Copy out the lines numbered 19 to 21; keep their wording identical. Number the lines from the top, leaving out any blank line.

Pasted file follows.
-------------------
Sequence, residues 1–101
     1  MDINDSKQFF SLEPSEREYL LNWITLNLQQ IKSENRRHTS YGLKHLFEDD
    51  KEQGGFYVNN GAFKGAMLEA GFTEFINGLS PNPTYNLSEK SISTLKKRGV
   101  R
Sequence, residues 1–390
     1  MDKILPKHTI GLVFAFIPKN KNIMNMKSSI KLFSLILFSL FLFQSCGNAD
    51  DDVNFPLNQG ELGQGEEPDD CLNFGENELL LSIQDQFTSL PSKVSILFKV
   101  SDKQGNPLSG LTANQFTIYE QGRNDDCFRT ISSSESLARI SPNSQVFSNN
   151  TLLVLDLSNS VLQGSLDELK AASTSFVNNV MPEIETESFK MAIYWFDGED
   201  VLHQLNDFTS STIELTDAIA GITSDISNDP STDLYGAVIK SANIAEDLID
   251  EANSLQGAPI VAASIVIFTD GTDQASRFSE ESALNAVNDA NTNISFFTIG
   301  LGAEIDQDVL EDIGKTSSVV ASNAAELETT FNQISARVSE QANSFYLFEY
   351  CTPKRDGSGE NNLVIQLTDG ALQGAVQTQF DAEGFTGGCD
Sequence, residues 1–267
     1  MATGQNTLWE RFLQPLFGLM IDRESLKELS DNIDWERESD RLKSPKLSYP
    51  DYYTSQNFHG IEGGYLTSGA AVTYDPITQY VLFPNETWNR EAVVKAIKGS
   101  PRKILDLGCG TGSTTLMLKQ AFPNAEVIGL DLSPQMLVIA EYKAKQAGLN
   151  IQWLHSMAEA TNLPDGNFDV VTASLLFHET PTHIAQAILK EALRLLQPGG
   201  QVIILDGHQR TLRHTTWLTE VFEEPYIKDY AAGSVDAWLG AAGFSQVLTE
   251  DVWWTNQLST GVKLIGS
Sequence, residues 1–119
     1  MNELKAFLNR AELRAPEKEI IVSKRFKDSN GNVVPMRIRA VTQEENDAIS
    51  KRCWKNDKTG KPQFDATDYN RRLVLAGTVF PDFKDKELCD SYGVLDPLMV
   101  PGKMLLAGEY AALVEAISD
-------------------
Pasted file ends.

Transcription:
   201  QVIILDGHQR TLRHTTWLTE VFEEPYIKDY AAGSVDAWLG AAGFSQVLTE
   251  DVWWTNQLST GVKLIGS
Sequence, residues 1–119